Scottish Cardiovascular Forum 2023 Meeting Report
Strathclyde Institute of Pharmacy & Biomedical Sciences, University of Strathclyde
The 26th Annual Meeting of the Scottish Cardiovascular Forum was held on 4th February 2023 at The Suttie Centre in Aberdeen and was hosted by the University of Aberdeen.
The highly engaging programme covered a wide variety of cardiovascular-related subjects including stroke, heart failure, diabetes, and obesity. The welcoming atmosphere and opportunities for discussion made this an ideal environment for early careers researchers to learn and form new ideas.
Following an Introduction and Welcome by Dr Fiona Murray, the meeting was opened by keynote speaker Dr Mary Joan MacLeod (University of Aberdeen) discussing the future of stroke care in Scotland. She highlighted that a current challenge in improving stroke care is proximity to a specialist service, and that these are not equally distributed across the country.
The second session was opened by Dr Steve Watterson (Ulster University) introducing AtheroNet – a European network for researchers. This was followed by the first series of oral communications. Dr Kanchan Phadwal (The Roslin Institute) presented her work on the effects of caloric restriction on vascular calcification. This was followed by Dr Nadine Godsman (Robert Gordon University) presenting her findings that chronic activation of GPR55 causes cardiac dysfunction in C57Bl/6J mice. Chloe Hughes, a PhD student from University of Dundee, then spoke about using biomarkers to identify patients at risk of major cardiac events following hospitalisation for COVID-19.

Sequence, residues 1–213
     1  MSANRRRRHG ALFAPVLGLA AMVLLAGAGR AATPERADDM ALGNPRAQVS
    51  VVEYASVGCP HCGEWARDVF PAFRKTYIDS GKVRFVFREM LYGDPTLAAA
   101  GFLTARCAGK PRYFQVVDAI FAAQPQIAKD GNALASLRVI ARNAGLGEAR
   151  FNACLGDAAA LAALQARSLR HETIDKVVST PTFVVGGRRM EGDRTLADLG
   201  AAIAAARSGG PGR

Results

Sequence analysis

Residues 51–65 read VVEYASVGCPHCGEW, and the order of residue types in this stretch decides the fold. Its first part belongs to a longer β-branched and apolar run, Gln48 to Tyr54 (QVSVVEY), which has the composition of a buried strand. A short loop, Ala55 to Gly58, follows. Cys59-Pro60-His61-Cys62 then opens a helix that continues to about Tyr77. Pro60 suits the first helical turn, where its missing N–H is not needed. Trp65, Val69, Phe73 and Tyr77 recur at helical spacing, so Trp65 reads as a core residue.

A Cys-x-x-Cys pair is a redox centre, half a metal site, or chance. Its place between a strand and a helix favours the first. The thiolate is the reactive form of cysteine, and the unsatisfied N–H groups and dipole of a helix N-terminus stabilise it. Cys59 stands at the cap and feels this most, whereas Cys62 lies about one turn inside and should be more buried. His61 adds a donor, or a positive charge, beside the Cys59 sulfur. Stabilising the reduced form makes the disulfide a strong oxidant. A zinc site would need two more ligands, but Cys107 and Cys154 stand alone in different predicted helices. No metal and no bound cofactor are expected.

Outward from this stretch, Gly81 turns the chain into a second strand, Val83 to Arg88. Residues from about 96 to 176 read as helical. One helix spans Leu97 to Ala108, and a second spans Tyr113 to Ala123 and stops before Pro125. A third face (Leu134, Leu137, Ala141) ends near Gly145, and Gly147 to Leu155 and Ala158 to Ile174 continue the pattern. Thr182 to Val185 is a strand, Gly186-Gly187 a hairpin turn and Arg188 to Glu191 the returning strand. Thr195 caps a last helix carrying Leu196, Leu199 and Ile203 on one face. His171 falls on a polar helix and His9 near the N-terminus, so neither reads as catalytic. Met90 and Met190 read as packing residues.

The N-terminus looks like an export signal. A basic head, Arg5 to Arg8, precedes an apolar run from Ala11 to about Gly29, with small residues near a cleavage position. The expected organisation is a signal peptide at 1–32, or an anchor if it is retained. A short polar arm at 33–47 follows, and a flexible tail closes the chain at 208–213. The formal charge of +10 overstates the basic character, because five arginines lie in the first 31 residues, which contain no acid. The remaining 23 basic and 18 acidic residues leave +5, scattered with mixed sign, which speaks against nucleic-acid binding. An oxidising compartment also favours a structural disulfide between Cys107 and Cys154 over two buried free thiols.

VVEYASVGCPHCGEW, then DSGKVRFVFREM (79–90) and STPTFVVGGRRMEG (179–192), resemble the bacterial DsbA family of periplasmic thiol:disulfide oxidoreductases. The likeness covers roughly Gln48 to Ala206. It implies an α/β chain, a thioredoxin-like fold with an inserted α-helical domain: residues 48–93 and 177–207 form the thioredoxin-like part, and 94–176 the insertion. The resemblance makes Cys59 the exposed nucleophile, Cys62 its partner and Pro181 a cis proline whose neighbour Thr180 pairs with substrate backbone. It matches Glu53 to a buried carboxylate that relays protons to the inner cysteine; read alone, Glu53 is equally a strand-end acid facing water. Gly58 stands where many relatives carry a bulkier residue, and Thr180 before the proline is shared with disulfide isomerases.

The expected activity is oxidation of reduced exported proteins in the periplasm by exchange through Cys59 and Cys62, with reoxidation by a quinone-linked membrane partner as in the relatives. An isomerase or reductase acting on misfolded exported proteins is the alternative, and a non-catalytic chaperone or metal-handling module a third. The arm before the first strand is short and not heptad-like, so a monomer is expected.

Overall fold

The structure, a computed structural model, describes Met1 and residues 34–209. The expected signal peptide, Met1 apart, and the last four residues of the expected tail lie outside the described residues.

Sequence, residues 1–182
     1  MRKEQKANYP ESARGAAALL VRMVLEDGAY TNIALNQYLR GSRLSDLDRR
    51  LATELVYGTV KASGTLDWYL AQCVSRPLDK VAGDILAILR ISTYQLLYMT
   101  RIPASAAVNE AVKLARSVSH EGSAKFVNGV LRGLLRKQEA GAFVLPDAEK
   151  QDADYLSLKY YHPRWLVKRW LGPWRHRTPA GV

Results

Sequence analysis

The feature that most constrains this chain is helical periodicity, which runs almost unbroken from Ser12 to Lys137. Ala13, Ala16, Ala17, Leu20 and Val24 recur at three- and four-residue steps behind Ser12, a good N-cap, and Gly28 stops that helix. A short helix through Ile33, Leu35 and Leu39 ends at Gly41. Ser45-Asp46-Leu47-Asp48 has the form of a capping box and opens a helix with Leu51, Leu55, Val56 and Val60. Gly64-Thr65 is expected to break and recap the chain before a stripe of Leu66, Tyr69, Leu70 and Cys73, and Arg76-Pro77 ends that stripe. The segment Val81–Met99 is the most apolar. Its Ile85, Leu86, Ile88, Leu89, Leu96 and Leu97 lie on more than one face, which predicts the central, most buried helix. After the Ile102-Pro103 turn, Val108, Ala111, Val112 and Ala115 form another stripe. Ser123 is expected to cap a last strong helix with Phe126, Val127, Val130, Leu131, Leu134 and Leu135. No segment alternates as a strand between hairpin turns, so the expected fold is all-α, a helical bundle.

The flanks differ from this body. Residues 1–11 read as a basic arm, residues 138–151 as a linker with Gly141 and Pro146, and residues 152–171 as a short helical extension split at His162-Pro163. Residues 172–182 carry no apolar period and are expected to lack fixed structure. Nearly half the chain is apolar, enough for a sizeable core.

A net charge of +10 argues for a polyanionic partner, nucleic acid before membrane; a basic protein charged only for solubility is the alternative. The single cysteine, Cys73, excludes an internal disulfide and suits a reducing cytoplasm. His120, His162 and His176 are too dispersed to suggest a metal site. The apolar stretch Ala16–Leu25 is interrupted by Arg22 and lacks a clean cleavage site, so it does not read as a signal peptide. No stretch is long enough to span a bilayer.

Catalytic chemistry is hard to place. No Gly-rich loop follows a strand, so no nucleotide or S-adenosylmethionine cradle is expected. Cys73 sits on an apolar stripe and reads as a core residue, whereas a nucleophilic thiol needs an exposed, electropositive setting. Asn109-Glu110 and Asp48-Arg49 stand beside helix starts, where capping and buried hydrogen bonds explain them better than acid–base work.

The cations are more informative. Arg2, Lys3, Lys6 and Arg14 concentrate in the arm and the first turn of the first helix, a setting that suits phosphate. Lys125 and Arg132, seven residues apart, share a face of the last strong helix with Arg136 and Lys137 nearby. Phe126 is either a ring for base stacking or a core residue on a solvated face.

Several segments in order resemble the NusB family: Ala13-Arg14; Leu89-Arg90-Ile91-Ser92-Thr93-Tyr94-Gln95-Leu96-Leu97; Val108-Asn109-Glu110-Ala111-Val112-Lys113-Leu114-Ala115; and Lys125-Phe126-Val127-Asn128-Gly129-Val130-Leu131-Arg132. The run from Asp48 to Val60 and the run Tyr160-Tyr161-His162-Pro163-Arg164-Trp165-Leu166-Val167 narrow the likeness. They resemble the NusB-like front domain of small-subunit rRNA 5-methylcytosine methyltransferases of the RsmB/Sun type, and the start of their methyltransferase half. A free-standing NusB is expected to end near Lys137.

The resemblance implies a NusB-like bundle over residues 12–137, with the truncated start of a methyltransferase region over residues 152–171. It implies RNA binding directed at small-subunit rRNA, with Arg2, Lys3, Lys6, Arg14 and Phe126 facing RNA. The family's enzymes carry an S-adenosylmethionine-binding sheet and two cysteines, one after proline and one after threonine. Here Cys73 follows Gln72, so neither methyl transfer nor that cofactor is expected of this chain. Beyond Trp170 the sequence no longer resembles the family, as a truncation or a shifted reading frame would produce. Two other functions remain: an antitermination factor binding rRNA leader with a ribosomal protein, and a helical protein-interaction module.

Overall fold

The third session was opened by Dr Jane Dymott (NHS Grampian). She gave an overview of 100 years of insulin therapy for Type 1 diabetes and how development of new technologies such as insulin pumps and continuous blood glucose monitoring help patients to manage the condition today. This was followed by the second series of oral communications. Ayman Banah (University of Dundee) presented that inhibition of integrin α5β1 improves insulin sensitivity in H9C2 cells and cardiac performance in obese mice. Matthew Lim (University of Glasgow) spoke about modifiable cardiovascular risk factors in transgender young people. Megan Simpson (University of Aberdeen) then presented her work on fibrinolytic dysregulation in vaccine-induced thrombocytopenia and thrombosis. Finally, Sara Al Disi (University of Edinburgh) spoke about how inhibiting intracellular glucocorticoid regeneration after myocardial infarction preserves cardiac function.